Sen. Bernie Sanders (I-VT) parted ways with his Iowa political director in recent weeks, his campaign confirmed, part of a series of recent staff shake-ups in key early states, the Washington Post reports.
Washington Post: “This shift comes as Warren is publicly projecting a friendly attitude toward the Vermont senator — backing him up on the debate stage, refusing to criticize him when reporters ask, restraining her staffers from posting tweets needling him.”
“That avoids alienating Sanders voters whom she may need later. But strategists for both candidates say there’s only room for one of them to survive far beyond the early primaries, making for a below-the-surface battle, especially in Iowa and New Hampshire.”
Sen. Bernie Sanders has raised more than $1 million for his presidential bid since he sparred with several moderate contenders during Tuesday night’s Democratic debate, The Hill reports.
The $1.1 million fundraising haul was bolstered by more than 70,000 donations.
James Hohmann: “Warren was aggressive about forcing her way into the fray, and she was rewarded with more speaking time than anyone else. Her background as a onetime Oklahoma state champion high school debater shone through repeatedly. She was most disciplined about sticking to her script and delivered well-rehearsed lines in a way that didn’t make them sound canned. She also did a better job than the others onstage of telling anecdotes to humanize policy debates.”
“She espouses essentially the same ideas as Sanders but makes them sound less radical. For this reason, Warren remains an existential threat to his candidacy. Sanders advisers are loath to acknowledge this reality, even privately.”
Van Jones: “Sanders re-established himself as trying to lead the revolution. When Elizabeth Warren is trying to lead the country. She is trying to be president of the United States.”
Boston Globe: “With a little more than six months to go until the 2020 New Hampshire primary, Sanders can no longer take the state for granted. He has gone from being the unquestioned front-runner to second place — and sliding.”
Politico: “If Bernie Sanders’ team had its way, every reporter covering the Vermont senator would put out a tweet disclosing their unvarnished, personal feelings about the candidate.”
“It’s not going to happen, but campaign manager Faiz Shakir thinks he knows what it would reveal anyway.”
Said Shakir: “This isn’t intended to be a sweeping generalization of all journalists, but there are a healthy number who just find Bernie annoying, discount his seriousness, and wish his supporters and movement would just go away.”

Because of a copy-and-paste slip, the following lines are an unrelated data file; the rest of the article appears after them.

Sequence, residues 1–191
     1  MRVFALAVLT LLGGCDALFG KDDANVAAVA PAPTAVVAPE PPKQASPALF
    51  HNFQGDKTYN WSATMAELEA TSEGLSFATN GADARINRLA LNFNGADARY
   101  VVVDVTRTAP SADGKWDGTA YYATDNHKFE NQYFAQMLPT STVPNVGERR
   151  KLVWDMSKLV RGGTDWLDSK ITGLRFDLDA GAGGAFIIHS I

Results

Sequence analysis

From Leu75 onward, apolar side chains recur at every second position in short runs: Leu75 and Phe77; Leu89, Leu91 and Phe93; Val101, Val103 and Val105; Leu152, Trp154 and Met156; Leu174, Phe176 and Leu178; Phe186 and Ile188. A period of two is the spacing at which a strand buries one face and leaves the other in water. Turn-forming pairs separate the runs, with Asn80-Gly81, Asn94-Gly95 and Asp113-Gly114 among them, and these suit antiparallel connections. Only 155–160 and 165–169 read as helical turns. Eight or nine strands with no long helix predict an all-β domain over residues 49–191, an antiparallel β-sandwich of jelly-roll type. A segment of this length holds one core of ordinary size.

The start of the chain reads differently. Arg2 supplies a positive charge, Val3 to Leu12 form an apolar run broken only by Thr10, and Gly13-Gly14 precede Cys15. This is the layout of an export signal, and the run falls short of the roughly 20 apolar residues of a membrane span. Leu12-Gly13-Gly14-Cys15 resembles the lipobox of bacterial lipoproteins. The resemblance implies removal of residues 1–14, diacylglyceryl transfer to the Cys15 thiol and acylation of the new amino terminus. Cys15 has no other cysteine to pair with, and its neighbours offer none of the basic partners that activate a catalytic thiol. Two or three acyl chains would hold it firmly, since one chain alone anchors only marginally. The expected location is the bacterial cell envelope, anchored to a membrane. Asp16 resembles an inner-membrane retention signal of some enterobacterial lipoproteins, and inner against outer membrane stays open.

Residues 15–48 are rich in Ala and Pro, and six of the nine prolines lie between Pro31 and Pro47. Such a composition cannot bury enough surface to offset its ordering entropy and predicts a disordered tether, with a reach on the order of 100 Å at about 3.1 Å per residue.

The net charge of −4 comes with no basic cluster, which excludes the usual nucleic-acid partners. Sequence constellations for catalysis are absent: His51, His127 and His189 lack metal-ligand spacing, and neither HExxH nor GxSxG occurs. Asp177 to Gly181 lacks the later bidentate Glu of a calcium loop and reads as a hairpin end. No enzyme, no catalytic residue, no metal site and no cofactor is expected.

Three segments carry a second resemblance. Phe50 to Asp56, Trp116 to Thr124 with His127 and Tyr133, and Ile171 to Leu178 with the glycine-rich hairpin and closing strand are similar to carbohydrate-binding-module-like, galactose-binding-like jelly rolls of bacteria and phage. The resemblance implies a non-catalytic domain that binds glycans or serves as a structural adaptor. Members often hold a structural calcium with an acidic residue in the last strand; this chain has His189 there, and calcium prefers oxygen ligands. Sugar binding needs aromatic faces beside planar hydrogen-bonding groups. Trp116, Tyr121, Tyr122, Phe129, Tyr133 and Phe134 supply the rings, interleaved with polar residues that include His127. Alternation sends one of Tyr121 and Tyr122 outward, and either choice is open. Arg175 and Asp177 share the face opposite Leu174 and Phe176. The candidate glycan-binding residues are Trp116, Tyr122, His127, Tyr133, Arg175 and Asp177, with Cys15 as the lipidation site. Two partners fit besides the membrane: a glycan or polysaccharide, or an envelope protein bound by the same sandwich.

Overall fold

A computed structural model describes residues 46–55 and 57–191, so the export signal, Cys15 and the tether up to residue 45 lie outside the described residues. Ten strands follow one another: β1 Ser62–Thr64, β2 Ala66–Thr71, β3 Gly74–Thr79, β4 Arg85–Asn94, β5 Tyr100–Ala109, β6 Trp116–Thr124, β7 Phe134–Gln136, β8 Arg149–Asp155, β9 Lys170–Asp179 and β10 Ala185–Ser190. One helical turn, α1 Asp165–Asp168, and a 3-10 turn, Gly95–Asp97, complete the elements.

Politico: “In poll after poll, Sanders appeals to lower-income and less-educated people; Warren beats Sanders among those with postgraduate degrees. Sanders performs better with men, Warren with women. Younger people who vote less frequently are more often in Sanders’ camp; seniors who follow politics closely generally prefer Warren.”
“Sanders also has won over more African Americans than Warren: He earns a greater share of support from black voters than any candidate in the race except for Joe Biden, according to the latest Morning Consult surveys.”
“Bernie Sanders may be falling behind some of his rivals in the crowded Democratic presidential field, dipping in early polls and seeing his campaign outraised by at least two rivals. But this week, he opened a new campaign office here and is already investing in states holding primaries eight months away,” the Wall Street Journal reports.
“The message from the Vermont senator: I’m not going anywhere.”
Politico: “Even though the Sanders team would never call it a ‘reset,’ his aides are sharpening a new line of attack against his rivals and experimenting with different ways to connect with hard-to-reach voters as the race heats up. They’re also continuing to shift from big rallies to more intimate events in the nation’s early states, such as ice cream socials and selfie lines — an acknowledgment that Sanders needs to adopt a more personal approach and participate in additional retail politicking to win.”
“And even Sanders’ allies admit that he faces unique difficulties in 2020: Unlike in 2016, many of Sanders’ opponents have adopted major planks of his platform, giving voters more than one progressive candidate to choose from in the race. In recent weeks, some Sanders supporters have questioned if he should take a different approach in the debates, after not participating in mock sessions while prepping for the first showdown and ultimately failing to take on Biden in a memorable way.”
When asked if he would commit to supporting the Democratic nominee if it’s clear it won’t be him, Sen. Bernie Sanders would not make any such commitment to NBC News.
Instead, he talked about his 2016 race: “Some people say that maybe if the system was not rigged against me, I would have won the nomination.”